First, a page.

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Andrea Lucado and I connected a few years ago in Nashville, after Rachel Cruze (Dave Ramsey‘s daughter) gave me the idea of connecting with other “daughters.” If you don’t know who Andrea’s father is, he’s written a few books (and by “few” I mean, like, 100).
What connected us was our author-pops*, but what solidified our meeting was smoked sausage.
Andrea took me to lunch at a “Meat and Three.”
Yeah, if you don’t live in the south or Nashville, in particular, you might have the same reaction that I did. But I trusted Miss Lucado, and I don’t regret it one bit.
Oh, and the point of all this? Andrea writes a bit, too, and I asked if I could share her thoughts with y’all. I suggest reading while consuming some food item that has the words “smoked,” “sweet,” or “mama’s” in the title.
_______Photo Credit: Lauren Nicole Love
This lightbulb moment, like many in my life, began in my car.
I sat parked in front of my first apartment in Nashville talking on the phone with a boy I had been dating long distance off and on for several months. We were having another difficult “Should we be dating?” conversation in which I was the flustered girl and he was the confident man trying to reason with me.
Finally he asked me a question I did not want to answer, not for myself and certainly not for him: “Do you get butterflies when you’re around me?” I paused. The answer, I knew and had known all along, was no, but I absolutely could not tell him that. I also absolutely could not continue the way we were, knowing I didn’t feel the feelings for him I thought I should feel.
So in a moment of inexplicable boldness and much-needed honesty I fessed up: “No, I don’t. I enjoy being around you, but I don’t have those giddy feelings I’ve had for guys in the past.”
I felt relieved. I had finally come out with it—what my hold-up had been in the relationship. He got butterflies around me, but I did not. With those words we would officially be over.
But instead of hearing a surprised, heartbroken and disappointed voice on the other line, I heard an unfazed, still confident man say, “I don’t get butterflies for you like I have for girls in the past either.”
WHAT? You don’t? (Why not?) Then why do you still want to be together? My heart does not rapidly beat each time you hold my hand, and neither does yours. Clearly, this is not going to work.
He then began speaking about something I did not understand: the idea that relationships are not only about feelings. And with his calm explanation, the light bulb started to flicker.
If you were my friend in college and you started dating someone, you would get drilled by me about your feelings. “Do you really like him? Like, like him like him? Does he give you butterflies?” If you hesitated in your answer to any of those questions, I would encourage you to write the guy off. Nope, you don’t like him. Move on. You need passion and feelings and fireworks. If any of those things were missing, you were wrong—and yes, I meant wrong—in dating that person.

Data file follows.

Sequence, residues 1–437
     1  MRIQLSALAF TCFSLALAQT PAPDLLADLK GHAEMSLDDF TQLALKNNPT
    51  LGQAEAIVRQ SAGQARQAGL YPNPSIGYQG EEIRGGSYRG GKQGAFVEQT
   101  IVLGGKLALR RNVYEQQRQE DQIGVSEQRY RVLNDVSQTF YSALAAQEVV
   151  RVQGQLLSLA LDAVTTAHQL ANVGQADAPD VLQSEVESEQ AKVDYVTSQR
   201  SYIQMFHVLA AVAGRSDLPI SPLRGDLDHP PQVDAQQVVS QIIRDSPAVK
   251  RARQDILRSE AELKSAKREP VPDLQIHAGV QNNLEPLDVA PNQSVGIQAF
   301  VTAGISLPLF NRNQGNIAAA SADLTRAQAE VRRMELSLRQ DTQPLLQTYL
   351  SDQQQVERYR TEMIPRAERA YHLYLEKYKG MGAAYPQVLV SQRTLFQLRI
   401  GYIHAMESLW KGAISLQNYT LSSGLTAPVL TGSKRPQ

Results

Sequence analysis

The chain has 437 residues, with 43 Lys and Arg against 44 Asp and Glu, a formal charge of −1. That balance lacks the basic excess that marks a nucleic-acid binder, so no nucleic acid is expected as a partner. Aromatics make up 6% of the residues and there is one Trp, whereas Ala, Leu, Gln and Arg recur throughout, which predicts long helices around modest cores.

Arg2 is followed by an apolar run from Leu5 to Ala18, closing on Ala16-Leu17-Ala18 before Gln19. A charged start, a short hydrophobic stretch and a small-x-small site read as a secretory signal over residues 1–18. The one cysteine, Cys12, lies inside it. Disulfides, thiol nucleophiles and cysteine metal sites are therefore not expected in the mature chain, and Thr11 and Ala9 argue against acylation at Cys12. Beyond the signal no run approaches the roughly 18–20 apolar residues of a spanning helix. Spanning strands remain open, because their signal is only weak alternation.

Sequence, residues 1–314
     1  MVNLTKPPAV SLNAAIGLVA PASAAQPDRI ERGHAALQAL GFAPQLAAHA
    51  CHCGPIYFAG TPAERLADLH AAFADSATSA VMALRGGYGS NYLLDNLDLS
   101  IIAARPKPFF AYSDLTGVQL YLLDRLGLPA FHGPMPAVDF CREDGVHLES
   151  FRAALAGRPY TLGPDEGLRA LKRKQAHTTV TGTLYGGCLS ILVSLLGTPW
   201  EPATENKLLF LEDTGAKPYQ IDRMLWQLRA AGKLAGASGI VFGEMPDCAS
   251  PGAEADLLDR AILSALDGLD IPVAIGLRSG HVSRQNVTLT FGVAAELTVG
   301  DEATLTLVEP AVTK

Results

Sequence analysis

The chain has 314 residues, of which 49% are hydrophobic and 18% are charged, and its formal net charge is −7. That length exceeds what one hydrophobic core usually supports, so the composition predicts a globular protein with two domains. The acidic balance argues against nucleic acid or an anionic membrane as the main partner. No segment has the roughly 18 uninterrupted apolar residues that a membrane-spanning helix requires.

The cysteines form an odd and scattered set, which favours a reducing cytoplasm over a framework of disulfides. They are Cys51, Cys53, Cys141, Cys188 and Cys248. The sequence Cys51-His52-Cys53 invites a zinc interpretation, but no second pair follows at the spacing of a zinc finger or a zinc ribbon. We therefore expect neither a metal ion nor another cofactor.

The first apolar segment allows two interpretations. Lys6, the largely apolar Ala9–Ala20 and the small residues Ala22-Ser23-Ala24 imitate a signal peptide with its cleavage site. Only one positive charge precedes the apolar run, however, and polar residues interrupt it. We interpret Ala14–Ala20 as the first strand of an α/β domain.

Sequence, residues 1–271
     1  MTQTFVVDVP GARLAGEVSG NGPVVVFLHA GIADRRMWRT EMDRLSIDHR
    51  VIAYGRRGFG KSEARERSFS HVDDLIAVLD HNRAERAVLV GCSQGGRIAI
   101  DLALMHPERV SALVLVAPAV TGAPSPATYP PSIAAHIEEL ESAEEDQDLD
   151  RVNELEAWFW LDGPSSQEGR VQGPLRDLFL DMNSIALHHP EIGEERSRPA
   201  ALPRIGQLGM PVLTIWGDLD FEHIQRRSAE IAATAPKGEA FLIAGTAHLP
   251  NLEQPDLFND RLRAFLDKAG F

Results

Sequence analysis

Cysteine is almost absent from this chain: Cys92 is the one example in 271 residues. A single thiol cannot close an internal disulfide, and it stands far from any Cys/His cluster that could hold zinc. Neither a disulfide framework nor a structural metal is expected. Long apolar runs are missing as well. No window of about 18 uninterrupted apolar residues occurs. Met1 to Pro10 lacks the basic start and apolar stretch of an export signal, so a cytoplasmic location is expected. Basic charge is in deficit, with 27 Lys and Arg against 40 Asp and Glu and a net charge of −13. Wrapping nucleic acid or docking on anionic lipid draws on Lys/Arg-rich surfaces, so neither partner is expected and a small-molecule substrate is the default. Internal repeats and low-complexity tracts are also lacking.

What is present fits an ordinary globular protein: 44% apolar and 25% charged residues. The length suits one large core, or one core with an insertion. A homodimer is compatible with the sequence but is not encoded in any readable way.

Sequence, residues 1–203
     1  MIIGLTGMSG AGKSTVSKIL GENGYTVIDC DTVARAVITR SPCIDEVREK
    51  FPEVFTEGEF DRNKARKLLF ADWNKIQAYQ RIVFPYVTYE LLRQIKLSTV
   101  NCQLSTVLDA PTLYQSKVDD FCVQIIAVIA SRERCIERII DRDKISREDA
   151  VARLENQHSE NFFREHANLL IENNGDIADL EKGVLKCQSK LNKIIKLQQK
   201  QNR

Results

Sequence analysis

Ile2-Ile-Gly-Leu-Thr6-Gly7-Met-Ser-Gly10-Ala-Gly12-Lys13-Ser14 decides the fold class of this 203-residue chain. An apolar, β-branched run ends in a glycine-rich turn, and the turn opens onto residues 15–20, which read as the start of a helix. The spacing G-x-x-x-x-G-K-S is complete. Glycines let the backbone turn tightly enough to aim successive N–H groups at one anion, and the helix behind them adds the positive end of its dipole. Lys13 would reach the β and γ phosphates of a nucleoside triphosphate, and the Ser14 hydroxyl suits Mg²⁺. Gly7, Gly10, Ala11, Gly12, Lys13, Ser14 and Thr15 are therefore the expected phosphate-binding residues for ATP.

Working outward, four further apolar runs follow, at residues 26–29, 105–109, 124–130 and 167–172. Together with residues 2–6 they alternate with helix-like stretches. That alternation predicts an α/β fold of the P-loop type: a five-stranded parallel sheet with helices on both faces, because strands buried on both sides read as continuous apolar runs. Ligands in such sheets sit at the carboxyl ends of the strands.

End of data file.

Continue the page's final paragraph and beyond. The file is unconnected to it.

Where did I get this idea from? The usual suspects, I suppose: romantic comedies, Seventeen, Disney, my overactive imagination. Where did I not get the idea from? The Bible, where all ideas for someone of my faith should originate. Yet, I had somehow managed to disregard biblical truth when it came to relationships with potential life partners.
Did you know Jesus never talks about butterflies? Nor does Paul or any of the gospels. In my misunderstanding of what was important in relationships, I was misunderstanding love and what it really is.
The passage you always hear at weddings lays it out very clearly, “Love is patient, love is kind. It does not envy, it does not boast, it is not proud. It does not dishonor others, it is not self-seeking” (1 Cor. 13:4-7). It is not self-seeking. Hmm. I had completely ignored that verse and created a dating philosophy that matched my wants.
It was not until that moment in the car on the phone that I began to understand I may have been missing God’s intention for marriage and may have been very selfish in my relationships to that point, writing off godly men who did not give me the feelings I thought I needed to sustain in a relationship.
Of course there must be balance.
Before the pendulum swung too far in the other direction, I also realized I couldn’t agree to spend the rest of my life with a man just because he was a Christian. If you are bored at dinner with a guy or repulsed when he tries to grab your hand, you will be bored being married to him (and repulsed when he tries to grab your hand). And bored people are not truly alive people. And according to St. Irenaeus, “The glory of God is man fully alive.”
So I now find myself navigating the waters of not being too reliant on feelings but not completely oblivious to them either. It is tricky business, but I believe that balance will strike one day, and I am so relieved I don’t have to depend on my ever-changing feelings and tummy flutterings to know when it has.
Epilogue: The guy on the phone and I didn’t work out in the end, but I am forever grateful for that lesson he taught me and the way he illuminated my skewed thoughts on why two people should do life together.
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